so, as for the "tank log" part of this thread, i asked my wife to stop by the store on her way home today and pick up the basic things my daughter will need. to make things easier on her, i told her to just go ahead and buy new stuff for it. i have about 100 tanks and hundreds of various filters and air pumps, but they are all locked in my lab right now, and the thought of trying to navigate that room to pick a tank that is not already set up as part of a system seemed daunting to her. easier to just buy all new stuff.

so, hopefully i will have an update tonight. hopefully pics of the basic setup.
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Technoduck
Larva
Joined: July 28th, 2016, 6:04 am

May 15th, 2018, 3:43 pm #7

I see what you're saying. The raisin analogy helped me understand it quite a bit. If my eggs are in a mixture of sand, how should I go about doing this?
yaw yeet
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Aubandain
Triops Longicaudatus
Aubandain
Triops Longicaudatus
Joined: August 21st, 2011, 7:46 pm

May 15th, 2018, 4:13 pm #8

Technoduck wrote:I see what you're saying. The raisin analogy helped me understand it quite a bit. If my eggs are in a mixture of sand, how should I go about doing this?
if they are in a little packet of sand, like most triops eggs come in, then just pour all of it into the bottle of water, shake it up, and let it sit for about 8 hours. then pour it into the tank you want to raise them in. or, if you want to be able to see them, pour them into a smaller tank that is set up similarly to the larger one. i do this sometimes when i want to be able to see observe them from the moment they hatch out. the down side is that it becomes necessary to transfer them to the larger tank later on, but if you are gentle with them its usually not a problem.

when you shake up the eggs/sand in a bottle of water, the eggs will float to the top. the water in the bottle wont evaporate, so you wont have to worry about keeping the water topped off. plus, the surface tension on distilled water is usually pretty low, and the meniscus does not form quite as strongly with plastic as it does with glass. all this adds up to being a better environment to hydrate the eggs.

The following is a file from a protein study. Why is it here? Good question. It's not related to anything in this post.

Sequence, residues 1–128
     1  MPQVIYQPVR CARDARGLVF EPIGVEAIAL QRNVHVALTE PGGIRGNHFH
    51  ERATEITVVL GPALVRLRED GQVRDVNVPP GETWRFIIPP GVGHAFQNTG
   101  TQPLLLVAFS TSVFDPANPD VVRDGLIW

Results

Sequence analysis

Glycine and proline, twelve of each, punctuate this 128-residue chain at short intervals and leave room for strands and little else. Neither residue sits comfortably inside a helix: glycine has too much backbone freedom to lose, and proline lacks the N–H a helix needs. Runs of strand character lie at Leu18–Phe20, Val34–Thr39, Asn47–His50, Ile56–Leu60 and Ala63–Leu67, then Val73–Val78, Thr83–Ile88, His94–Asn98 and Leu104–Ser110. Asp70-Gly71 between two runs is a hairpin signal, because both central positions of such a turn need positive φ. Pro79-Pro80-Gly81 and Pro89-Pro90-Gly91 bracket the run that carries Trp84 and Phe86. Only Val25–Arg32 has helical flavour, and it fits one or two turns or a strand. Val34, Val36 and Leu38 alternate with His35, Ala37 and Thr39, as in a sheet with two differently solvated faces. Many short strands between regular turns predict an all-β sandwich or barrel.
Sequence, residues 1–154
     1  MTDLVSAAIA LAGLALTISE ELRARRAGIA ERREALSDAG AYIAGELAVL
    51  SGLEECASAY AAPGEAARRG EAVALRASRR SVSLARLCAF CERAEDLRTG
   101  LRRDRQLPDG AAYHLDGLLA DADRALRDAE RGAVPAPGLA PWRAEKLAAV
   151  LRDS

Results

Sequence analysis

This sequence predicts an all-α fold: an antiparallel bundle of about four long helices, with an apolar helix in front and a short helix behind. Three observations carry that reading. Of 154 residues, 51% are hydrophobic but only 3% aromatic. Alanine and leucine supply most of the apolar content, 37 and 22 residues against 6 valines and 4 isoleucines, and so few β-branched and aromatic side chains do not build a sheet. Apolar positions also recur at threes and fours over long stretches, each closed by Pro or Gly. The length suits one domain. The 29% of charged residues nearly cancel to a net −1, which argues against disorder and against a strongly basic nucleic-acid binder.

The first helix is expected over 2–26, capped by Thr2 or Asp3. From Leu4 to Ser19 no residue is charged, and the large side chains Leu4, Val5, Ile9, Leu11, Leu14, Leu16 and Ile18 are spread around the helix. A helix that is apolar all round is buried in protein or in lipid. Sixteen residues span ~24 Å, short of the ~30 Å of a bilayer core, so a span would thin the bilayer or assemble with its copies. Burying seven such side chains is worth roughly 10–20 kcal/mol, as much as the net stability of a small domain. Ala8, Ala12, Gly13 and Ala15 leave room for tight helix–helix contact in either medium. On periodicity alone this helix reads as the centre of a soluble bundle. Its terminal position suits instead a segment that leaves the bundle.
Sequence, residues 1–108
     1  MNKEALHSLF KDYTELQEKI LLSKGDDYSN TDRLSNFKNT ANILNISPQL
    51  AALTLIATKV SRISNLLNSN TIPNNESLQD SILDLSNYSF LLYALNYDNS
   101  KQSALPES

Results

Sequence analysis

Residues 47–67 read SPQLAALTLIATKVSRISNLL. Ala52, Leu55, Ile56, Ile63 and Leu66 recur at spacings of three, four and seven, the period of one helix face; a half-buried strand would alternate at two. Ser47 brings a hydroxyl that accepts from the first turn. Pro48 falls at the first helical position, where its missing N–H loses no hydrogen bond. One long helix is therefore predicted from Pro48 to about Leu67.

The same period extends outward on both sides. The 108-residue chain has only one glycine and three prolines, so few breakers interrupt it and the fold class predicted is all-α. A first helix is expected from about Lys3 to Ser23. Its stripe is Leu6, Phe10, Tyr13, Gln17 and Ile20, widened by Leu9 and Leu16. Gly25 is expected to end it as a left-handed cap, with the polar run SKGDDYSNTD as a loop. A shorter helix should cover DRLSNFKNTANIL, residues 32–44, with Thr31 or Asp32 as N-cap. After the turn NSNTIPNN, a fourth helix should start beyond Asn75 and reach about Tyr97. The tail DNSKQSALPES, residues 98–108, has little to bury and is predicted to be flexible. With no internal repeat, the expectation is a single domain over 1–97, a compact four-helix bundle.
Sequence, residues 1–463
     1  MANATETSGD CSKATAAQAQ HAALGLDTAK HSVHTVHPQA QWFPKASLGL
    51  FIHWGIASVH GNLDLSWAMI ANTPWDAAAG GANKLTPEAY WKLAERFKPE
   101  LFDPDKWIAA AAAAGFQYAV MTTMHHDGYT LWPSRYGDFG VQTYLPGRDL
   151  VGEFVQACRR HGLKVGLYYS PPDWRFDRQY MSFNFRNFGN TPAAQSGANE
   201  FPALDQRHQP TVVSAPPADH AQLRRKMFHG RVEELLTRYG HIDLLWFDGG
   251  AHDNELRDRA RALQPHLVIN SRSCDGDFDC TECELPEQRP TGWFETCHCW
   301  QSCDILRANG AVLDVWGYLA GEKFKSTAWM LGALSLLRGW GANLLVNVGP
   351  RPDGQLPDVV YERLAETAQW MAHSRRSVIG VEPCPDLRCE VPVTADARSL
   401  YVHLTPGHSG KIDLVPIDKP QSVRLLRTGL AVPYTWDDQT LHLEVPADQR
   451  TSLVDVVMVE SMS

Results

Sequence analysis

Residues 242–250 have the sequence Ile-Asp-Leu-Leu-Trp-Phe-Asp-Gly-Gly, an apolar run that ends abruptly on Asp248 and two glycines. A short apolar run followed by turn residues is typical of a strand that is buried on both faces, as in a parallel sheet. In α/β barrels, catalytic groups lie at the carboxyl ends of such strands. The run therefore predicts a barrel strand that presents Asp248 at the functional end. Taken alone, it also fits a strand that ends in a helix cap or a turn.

8 to 10 hours later, pour all the contents of the bottle into the tank. the eggs will sink by that point.
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Aubandain
Triops Longicaudatus
Aubandain
Triops Longicaudatus
Joined: August 21st, 2011, 7:46 pm

May 15th, 2018, 4:14 pm #9

Aubandain wrote:
Technoduck wrote:I see what you're saying. The raisin analogy helped me understand it quite a bit. If my eggs are in a mixture of sand, how should I go about doing this?
if they are in a little packet of sand, like most triops eggs come in, then just pour all of it into the bottle of water, shake it up, and let it sit for about 8 hours. then pour it into the tank you want to raise them in. or, if you want to be able to see them, pour them into a smaller tank that is set up similarly to the larger one. i do this sometimes when i want to be able to see observe them from the moment they hatch out. the down side is that it becomes necessary to transfer them to the larger tank later on, but if you are gentle with them its usually not a problem.

when you shake up the eggs/sand in a bottle of water, the eggs will float to the top. the water in the bottle wont evaporate, so you wont have to worry about keeping the water topped off. plus, the surface tension on distilled water is usually pretty low, and the meniscus does not form quite as strongly with plastic as it does with glass. all this adds up to being a better environment to hydrate the eggs.

8 to 10 hours later, pour all the contents of the bottle into the tank. the eggs will sink by that point.
i have one caveat to this: if the sand the eggs are in is already wet enough to let the eggs sink in the bottle as soon as you add it, transfer them to the tank after about three hours. i have had triops hatch within 5 hours in distilled water before, when they were already fairly wet to begin with.
Last edited by Aubandain on May 15th, 2018, 4:15 pm, edited 1 time in total.
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Technoduck
Larva
Joined: July 28th, 2016, 6:04 am

May 15th, 2018, 4:31 pm #10

Thanks for the info! It's really helping me out. One last thing, how does reverse osmosis water effect hatching?
yaw yeet